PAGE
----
The truth probably lies somewhere between. Asthma is a clinical diagnosis, triggered by typical symptoms and supported by the demonstration of a variable and (partially) reversible airflow obstruction. However, the measurement of lung function and airway responsiveness in primary care is difficult, and FeNO is not useful for ruling in or ruling out a diagnosis of asthma. The determination of steroid responsiveness (along with other disease characteristics, treatable traits or phenotypes) should follow from that.
More contrasting guidance is given for management. NICE recommend that inhaled bronchodilators alone should be used first line, ignoring their own insistence that asthma diagnosis should be supported by evidence of airway inflammation and steroid responsiveness, via a raised FeNO—a true paradox.14 BTS/SIGN have recently moved to recommending inhaled corticosteroids (ICS) as first line, possibly guided by the realisation that in many asthma deaths, over-reliance on short-acting bronchodilators and underuse of ICS play a significant role.15 16 In the absence of good evidence to support either, the expert advisors on the committees (some of whom sat on both) have come to opposite conclusions.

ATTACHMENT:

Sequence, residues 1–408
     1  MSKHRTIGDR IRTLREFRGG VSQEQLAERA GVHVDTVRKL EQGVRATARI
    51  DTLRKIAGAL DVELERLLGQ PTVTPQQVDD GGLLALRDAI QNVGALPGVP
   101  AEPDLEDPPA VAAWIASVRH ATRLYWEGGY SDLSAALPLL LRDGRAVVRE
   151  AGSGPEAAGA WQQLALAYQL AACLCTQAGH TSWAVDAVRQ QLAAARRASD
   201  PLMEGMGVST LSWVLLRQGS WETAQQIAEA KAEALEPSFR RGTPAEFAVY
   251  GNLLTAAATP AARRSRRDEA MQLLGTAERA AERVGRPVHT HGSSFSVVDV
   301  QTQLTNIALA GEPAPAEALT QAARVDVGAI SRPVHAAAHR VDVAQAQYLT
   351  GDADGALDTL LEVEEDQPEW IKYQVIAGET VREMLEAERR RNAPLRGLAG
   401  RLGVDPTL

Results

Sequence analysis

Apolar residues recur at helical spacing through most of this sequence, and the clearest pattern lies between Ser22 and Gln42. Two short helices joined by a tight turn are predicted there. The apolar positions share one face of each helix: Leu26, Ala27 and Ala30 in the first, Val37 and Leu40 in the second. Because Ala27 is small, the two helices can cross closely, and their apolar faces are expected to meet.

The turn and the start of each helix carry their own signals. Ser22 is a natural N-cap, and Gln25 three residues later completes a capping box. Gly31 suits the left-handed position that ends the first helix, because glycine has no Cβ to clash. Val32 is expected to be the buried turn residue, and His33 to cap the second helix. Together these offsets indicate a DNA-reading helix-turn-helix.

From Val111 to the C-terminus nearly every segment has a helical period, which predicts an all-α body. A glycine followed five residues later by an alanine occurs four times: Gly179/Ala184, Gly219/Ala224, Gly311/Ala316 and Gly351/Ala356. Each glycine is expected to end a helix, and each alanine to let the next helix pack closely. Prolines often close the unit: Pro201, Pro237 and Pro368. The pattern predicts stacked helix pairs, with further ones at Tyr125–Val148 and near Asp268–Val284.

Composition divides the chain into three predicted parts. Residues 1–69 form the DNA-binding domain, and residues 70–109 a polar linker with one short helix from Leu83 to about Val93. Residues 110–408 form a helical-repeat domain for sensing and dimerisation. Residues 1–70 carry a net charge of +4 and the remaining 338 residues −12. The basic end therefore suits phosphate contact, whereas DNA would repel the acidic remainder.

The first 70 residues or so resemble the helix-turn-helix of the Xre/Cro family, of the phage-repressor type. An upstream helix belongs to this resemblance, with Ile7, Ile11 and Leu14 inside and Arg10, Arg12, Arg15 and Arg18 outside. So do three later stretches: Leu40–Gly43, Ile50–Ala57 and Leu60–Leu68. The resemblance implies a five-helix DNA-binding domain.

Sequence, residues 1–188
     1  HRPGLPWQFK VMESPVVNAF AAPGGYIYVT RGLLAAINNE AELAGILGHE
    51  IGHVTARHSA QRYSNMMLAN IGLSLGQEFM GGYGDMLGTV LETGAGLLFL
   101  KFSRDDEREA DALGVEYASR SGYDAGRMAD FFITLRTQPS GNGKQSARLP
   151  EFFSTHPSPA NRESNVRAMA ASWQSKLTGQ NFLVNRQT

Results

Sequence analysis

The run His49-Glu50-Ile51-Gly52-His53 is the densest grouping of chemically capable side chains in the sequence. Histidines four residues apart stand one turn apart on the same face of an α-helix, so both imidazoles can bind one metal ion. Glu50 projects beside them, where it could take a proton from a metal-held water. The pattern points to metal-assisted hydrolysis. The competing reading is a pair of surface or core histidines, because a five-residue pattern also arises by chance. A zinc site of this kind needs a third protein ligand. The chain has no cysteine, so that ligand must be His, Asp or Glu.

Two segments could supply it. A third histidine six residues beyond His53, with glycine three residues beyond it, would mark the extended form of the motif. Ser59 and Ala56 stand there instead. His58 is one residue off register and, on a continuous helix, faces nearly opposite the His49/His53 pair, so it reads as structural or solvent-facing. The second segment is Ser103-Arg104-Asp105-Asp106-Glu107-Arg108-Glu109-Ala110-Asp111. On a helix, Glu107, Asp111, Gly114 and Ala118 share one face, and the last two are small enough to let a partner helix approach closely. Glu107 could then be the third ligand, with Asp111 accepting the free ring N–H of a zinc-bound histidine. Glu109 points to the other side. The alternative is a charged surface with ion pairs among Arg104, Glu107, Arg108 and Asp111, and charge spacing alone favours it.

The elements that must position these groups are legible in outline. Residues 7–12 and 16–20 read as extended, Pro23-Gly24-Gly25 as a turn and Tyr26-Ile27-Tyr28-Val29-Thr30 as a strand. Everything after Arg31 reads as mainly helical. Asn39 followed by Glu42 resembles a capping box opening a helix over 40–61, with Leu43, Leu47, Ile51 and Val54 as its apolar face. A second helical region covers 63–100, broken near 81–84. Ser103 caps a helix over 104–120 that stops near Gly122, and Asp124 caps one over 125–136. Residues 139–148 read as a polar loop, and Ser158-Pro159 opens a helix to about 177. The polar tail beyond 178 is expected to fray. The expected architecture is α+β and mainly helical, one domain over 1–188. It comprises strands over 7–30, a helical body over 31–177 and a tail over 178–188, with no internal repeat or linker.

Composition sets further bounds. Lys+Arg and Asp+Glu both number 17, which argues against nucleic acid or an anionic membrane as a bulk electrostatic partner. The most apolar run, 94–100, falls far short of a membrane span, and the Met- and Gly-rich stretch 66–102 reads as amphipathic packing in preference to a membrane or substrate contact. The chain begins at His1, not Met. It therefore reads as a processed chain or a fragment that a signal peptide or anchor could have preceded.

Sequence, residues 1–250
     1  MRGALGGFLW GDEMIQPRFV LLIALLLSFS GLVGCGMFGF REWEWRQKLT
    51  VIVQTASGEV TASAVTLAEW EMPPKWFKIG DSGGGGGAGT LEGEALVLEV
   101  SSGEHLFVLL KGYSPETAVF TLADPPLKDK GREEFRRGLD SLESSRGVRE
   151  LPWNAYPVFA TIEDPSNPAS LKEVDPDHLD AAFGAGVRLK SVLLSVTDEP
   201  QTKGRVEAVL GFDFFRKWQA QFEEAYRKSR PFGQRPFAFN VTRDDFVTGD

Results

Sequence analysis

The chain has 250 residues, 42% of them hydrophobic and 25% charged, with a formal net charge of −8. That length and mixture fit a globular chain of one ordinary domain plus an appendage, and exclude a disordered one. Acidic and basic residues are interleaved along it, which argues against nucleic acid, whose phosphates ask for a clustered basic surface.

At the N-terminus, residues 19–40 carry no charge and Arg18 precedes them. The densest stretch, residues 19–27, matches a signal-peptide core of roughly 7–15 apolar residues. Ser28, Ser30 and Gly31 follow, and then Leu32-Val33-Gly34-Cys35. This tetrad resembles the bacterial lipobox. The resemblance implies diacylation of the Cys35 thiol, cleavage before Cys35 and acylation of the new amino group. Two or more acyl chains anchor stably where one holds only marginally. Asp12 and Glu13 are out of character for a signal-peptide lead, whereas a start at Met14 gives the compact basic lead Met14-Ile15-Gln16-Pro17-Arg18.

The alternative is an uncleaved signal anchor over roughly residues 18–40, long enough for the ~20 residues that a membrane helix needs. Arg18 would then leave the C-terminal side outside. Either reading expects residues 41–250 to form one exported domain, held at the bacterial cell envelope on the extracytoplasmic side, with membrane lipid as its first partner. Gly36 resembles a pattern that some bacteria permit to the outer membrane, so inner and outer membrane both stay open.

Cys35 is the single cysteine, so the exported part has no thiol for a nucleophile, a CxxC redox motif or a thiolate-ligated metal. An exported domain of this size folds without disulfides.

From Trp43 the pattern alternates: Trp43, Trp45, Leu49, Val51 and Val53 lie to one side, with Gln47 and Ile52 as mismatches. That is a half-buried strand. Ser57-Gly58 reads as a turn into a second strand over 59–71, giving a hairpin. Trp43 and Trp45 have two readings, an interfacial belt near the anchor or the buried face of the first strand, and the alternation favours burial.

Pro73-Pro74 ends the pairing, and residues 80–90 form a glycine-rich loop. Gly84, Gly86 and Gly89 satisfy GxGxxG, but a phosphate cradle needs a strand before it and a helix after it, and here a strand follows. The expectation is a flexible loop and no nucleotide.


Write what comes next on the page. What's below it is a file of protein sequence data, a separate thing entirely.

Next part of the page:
The biggest controversy surrounds initial add-on therapy. NICE have recommended montelukast rather than addition of a long-acting beta-2 agonist (LABA), on the basis of significantly reduced cost, offset by a relatively small reduction in mean benefit. The implications of this change in a clinical environment, where combination ICS/LABA therapy has been the mainstay of management steps 3–5 for 15 years, have not been considered. An important benefit of ICS/LABA therapy over montelukast is the reduction of the risk of severe asthma exacerbations. Adherence to tablets for asthma may well be greater than for inhalers, so does this mean that patients may preferentially choose the tablet over the inhaled steroid? What is the likelihood that patients will take two different drugs that have no immediate efficacy feedback? Finally, two prescription fees will be paid by many, in contrast to those prescribed fixed ICS/LABA combinations.